NOTE: Before you read the following paragraph you MUST find someone with a deep, coarse voice. James Earl Jones’ is deep enough, but far too smooth; Lee Marvin, now Lee Marvin could make it work.
AARGH! Thar we wuz, anchored in the marshes near Fernandina Beach, ready to run the line and stay ahead of the King’s Navy. We were in a good anchorage; it was quiet and so were we. Neither of us had any desire to hang at the end of a yardarm – which is what we suspected them Limey Tars had in store for us. We could see one of their boats. It crawled forward slowly, looking into each little creek and all the little rivers. As they sailed by we could see them; they wuz just polishin’ their cutlasses and cleaning their pistols.
Aye, if they caught us, we knew it would be a hard fight, but we also knew if we could just make it past the inlet and onto the high seas that our superior seamanship (and 1100 horsepower contained in two Detroit Diesel 6V92s) would give us a better than even chance of escapin’ them scalawags. We waited until they tacked to port – then I gave the order to “raise the mains’l, the jib, the mizzen-thingie that they raised on Master and Commander,” and I reminded the crew “to set the topgallant studding sail ( … really, that is the name of a sail!) Most of you have already realized that when we did all that we had exactly zero inches of sail up because … well … Traveling Soul is a power boat, not a sailboat.) Anyway, I then had the crew “stoke them boilers;” and that did it. That day, Traveling Soul might have been the fastest ship in northern Florida (or at least the fastest recreational motor vessel in the Fernandina Inlet.) And though it was a close-run thing, we made it into the glorious North Atlantic and away from our tormentors.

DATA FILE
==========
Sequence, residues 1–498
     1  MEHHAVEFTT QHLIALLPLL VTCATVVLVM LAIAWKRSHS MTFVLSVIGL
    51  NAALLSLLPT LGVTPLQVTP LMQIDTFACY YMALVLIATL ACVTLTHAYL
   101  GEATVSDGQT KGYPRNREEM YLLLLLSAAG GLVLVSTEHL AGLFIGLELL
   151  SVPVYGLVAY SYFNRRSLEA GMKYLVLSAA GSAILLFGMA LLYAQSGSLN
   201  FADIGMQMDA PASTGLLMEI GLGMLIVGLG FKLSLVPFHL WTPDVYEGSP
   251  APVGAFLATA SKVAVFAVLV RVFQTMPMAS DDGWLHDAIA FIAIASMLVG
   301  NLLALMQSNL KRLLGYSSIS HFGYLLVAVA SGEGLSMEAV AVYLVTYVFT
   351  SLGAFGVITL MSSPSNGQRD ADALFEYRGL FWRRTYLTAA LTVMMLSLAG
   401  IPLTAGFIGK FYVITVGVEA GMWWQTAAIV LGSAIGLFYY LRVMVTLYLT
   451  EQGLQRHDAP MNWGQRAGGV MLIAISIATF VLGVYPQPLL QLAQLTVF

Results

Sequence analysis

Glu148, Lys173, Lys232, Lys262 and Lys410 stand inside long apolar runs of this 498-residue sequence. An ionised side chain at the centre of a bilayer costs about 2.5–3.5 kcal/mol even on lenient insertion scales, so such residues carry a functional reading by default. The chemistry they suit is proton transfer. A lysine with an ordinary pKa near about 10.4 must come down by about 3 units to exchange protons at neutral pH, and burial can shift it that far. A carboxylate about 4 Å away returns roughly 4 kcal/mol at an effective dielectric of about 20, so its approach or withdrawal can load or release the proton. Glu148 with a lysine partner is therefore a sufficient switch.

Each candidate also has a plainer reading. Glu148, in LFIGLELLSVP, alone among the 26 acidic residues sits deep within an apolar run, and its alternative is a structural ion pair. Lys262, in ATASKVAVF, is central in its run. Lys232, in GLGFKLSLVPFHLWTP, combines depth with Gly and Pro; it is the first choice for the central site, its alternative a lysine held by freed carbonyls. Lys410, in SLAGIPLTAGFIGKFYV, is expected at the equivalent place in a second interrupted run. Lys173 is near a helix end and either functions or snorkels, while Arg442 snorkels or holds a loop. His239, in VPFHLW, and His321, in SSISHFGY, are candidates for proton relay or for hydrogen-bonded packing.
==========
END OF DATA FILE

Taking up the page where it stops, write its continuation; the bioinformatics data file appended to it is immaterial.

Okay, maybe that’s not exactly how it was, but I was just trying to spruce up a discussion of our foray into the Atlantic. With one or two exceptions, it was really a boring trip. What were those exceptions you ask? To learn about those, you will have to keep reading.
You are probably asking why we went into the Atlantic in the first place. Well, some of you will remember the Deadly Georgia Attack flies! Since our adventure last year and Ann’s victory over the flies in the Battle of Kilkenny Marina, we have maintained a nervous cease fire with the flies. We thought, therefore, it would be best if we recognized their sovereignty in the state of Georgia and skipped that part of the ICW altogether. In addition, of all the states along the ICW, Georgia seems to care less about the depth of its Waterway than any other. As a consequence, running the Waterway in Georgia leaves the captain with the “ICW hunch,” where he holds on to the wheel and leans over the instruments, keeping one eye on the depth gauge, one eye on the GPS chartplotter and one eye on the waterway. Yes, I realize that makes him look like a three-eyed hunchback goon, but that’s exactly how he feels sometimes. Anyway, in addition to the flies, the hunched-back captain pose, and Kilkenny Marina itself (dum da dum dee dum dum dum dee – to be hummed to the tune of Dueling Banjoes from the movie Deliverance) there is the simple math.
Because of the winding nature of the ICW, it is 314 statute miles from Fernandina to Georgetown, SC. Because we go about 80 miles per day, it takes us roughly 4 days to make the trip. If we go into the Atlantic, by contrast, we can travel 178 miles from Fernandina to Charleston, then 40 miles on the ICW from Charleston to Georgetown for a total of 218 statute miles. Moreover, since we go 24/7 on the outside, it takes us about 18 hours on the outside and another four on the inside– or one very long day. It also saves us about 100 gallons of fuel. The logic for us was inexorable; we went on the outside.
|I am not sure you can read it, but this is our Lat/Long |
list for the night of May 17 - 18
Prior to leaving Fernandina, we filled up at Port Consolidated (cheapest fuel in the area by nearly $1 per gallon) there was one other boat also filling up – the trawler Carolina, a 44 foot Defever. We followed her for a while heading out the inlet, until we figured out that Carolina was going the same direction we were. We called her on the radio and found that she used to make the run from Fernandina to Charleston but now she only goes as far north as Savannah. The reason she doesn’t have to go to Charleston anymore is because the owner’s new insurance company only requires that the boat be north of Savannah for the hurricane season, whereas our insurance company requires we be north of Hatteras. Hmmm. The name of his insurance company is Ace. We will definitely be checking out Ace over the next few months. It is odd how, when and where you learn about insurance companies in this lifestyle.